innovation in complexity and chaos

In 2019 I summarized my observations about innovation in — What is innovation? I concluded that while innovation may be 15 things to 15 different people, I still found nine general guidelines.

  1. The connection between innovation and learning is evident and we cannot be innovative unless we integrate learning into our work.
  2. Radical innovation only comes from networks with large structural holes, which are more diverse. This is why our social networks cannot also be our work teams, or they become echo chambers.
  3. In our work teams we can focus on incremental innovation, to get better at what we already do.
  4. Communities of practice then become bridges on the continuum between knowledge networks and work teams.
  5. Innovation is all about connections. At a certain point, not enough connections may even destroy the innovations we have made.
  6. Innovation is not a process. It’s more of an attitude focused on curiosity, learning, and experimentation.
  7. A focus on processes and error reduction — such as Six Sigma — actually gets in the way of innovation.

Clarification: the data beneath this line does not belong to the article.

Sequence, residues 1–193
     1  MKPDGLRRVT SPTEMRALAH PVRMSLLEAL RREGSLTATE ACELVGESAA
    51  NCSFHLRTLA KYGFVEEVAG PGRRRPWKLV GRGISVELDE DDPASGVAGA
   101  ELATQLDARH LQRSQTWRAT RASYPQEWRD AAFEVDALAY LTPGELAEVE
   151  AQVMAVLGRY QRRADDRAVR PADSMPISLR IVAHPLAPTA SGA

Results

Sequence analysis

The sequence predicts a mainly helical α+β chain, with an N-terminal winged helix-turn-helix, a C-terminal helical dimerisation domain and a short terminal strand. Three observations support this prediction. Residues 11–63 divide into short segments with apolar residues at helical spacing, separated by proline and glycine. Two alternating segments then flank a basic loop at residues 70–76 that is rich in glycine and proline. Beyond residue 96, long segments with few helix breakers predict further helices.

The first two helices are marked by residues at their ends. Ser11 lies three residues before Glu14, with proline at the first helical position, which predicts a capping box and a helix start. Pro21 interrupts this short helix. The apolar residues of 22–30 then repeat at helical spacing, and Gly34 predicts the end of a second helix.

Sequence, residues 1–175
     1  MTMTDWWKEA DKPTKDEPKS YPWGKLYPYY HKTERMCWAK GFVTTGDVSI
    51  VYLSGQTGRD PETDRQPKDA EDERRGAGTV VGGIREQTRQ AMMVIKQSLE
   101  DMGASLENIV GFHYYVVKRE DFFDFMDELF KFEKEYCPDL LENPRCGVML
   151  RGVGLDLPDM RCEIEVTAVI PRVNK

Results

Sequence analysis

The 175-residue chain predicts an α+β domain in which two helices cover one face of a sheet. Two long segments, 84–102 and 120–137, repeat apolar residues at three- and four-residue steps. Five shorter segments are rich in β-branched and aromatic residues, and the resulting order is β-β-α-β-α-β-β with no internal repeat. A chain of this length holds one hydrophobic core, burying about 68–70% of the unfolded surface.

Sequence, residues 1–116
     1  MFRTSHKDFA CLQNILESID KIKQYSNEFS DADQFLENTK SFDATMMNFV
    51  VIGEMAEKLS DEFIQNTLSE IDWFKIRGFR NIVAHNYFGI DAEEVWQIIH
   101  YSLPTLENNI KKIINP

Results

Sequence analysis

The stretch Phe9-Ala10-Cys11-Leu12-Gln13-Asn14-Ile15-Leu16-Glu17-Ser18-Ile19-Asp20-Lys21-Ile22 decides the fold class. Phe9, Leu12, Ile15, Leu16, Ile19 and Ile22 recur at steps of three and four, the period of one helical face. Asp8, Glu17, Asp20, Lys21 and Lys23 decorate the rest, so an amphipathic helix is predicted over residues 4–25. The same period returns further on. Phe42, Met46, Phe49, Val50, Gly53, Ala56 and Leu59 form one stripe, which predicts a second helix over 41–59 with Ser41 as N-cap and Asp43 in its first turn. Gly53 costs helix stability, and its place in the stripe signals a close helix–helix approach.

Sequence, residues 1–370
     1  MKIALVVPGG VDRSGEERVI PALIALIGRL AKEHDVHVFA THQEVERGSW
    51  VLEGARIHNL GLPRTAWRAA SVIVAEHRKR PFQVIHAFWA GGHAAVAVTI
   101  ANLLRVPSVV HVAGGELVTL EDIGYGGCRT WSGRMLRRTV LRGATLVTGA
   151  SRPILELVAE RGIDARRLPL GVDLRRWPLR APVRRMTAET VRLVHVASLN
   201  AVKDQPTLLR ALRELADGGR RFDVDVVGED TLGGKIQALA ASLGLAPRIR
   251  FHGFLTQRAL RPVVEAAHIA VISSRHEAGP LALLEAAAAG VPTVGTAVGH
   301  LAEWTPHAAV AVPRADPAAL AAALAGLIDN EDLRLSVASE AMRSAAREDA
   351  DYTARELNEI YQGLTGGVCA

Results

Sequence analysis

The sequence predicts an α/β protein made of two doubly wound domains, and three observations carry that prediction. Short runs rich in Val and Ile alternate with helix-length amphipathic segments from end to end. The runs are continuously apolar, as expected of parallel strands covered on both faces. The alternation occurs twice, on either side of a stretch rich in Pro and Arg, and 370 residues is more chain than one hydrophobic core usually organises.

8. Innovation is like democracy, it needs people to be free within the system in order to work.
  9. Creative work is not routine work done faster. It’s a whole different way of work, and a critical part is letting the brain do what it does best — come up with ideas. Without time for reflection, most of those innovative ideas will get buried in the detritus of modern workplace busyness.


nineteen years of blogging

“A knowledge worker is someone who’s job is having really interesting conversations at work.” —Rick Levine (1999) The Cluetrain Manifesto [and that’s what blogging lets you do, from anywhere]

Today marks my 19th anniversary of blogging here. This post is #3,566. I note that on my 5th anniversary I mentioned that I had started ‘micro-blogging’ on Twitter. Fast forward to November 2022 and I asked in whither Twitter if it will survive its new owner and CEO. I am still on Twitter though having more and often better conversations on Mastodon. The train wreck that Twitter has become reinforces the value of this blog and the open covenants on which it is based. (more…)

hierarchies, experts, and dogma

Dogmaprescribed doctrine proclaimed as unquestionably true by a particular group — a settled or established opinion, belief, or principle.

In 2021, research concluded that medical orthodoxy, such as ‘droplet dogmatism’, blocked the acceptance that the SARS-CoV-2 virus was mainly transmitted through the air, in spite of knowledge from fields outside infectious disease.